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Artist Spends 1,500 Hours Creating Stunning Work of Art using Only Dots

Kate Askegaard of Dixon, Illinois has spent 1,500 hours of her life recreating a classic masterpiece using only dots the size of a pin tip, for the annual ArtPrize Contest. This what is called a labor of love.

Looking at Kate’s masterpiece from afar, you’d think it’s just another well-done recreation of Michelangelo’s “Pieta”, but after a close inspection you realize it’s actually made of millions of tiny dots. Entitled “True Love” this unique piece was created for the 2011 ArtPrize competition in Grand Rapids, Michigan. It started out with Askegaard’s wish to prove to herself that she was a good artist, and she got it into her head that if she could capture what Michelangelo did with his Pieta, and the public would respond, than she could call herself a good artist. Kate referenced a 12in x 12in photo of the classic artwork, which she gridded out into over 10,000 squares. She used 9 sheets of paper, each 19in x 24in, glued them on a 5ft x 5ft canvas and finally painted black around the image.

Then came the really hard part, reproducing every detail with nothing but tiny dots. Kate Askegaard worked 70 hours a week, which meant missing out on family outings and spending time apart from her 2-year-old son, and it was her faith in God that helped her go back to the canvas day after day until she finished. Along the way some people told her she was wasting time while they were doing real jobs for their paychecks, but it was a quote she heard on the radio that kept her focused on her task. It said “God will not tell you to start something and not be with you to finish it.” She realized it was God who told her to work on her art again, so she knew that as long as she kept working and remained strong in faith she would see it through to the end. After 1,500 hours of painstaking work she completed her unique masterpiece.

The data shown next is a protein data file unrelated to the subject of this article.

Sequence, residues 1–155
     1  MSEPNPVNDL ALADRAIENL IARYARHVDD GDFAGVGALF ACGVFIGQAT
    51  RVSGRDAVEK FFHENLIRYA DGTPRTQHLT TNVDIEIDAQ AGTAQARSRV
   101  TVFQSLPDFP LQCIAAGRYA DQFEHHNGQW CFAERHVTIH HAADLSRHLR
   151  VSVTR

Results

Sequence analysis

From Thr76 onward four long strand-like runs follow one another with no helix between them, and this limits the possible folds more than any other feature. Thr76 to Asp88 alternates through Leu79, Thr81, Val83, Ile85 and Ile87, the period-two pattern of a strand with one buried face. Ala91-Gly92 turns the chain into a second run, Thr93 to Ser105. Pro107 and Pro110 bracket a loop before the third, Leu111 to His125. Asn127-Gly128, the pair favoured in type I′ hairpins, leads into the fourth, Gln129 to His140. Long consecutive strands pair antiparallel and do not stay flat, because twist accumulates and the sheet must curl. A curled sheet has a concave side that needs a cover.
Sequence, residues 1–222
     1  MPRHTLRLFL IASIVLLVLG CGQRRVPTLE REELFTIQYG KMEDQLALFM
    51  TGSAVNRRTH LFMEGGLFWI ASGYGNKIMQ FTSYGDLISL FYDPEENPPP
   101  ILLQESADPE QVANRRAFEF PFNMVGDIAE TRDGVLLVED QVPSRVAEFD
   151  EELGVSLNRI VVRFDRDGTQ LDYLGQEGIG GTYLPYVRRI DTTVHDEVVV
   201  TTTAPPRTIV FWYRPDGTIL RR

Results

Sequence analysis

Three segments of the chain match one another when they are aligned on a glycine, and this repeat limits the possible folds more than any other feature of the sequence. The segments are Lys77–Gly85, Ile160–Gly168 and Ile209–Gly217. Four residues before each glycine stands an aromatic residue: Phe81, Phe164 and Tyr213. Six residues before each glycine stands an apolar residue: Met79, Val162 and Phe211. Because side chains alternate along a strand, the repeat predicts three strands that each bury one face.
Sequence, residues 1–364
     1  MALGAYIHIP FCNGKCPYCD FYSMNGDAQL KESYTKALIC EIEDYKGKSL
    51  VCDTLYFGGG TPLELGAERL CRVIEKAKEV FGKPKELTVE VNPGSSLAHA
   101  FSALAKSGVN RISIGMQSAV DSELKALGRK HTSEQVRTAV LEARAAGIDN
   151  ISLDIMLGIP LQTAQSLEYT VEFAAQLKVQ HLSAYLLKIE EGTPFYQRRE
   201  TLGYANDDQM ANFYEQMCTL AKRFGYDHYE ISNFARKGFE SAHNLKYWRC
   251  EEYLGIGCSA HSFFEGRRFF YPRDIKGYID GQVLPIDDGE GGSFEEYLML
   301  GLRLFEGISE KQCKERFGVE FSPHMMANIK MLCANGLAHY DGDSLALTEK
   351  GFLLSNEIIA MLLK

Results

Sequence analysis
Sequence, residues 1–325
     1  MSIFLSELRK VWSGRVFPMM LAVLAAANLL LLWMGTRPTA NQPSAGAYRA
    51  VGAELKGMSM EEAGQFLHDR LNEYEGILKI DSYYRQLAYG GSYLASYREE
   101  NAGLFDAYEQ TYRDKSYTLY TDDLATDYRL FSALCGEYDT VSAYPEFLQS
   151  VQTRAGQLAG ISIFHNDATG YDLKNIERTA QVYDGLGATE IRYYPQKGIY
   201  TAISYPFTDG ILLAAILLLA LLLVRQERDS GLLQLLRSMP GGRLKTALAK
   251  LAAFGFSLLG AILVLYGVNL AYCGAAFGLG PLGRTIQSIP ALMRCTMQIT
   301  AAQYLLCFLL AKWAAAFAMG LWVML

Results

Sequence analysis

“True Love” didn’t make it into the Top 10 ArtPrize finalists, but that was mainly because the venue where it was showcased was pretty far from the town center, and only about 500 people came to see it. But Kate Askegaard’s stunning work did catch the eye of Ripley’s Believe It or Not who decided to acquire it for one of its odditoriums.

 

 

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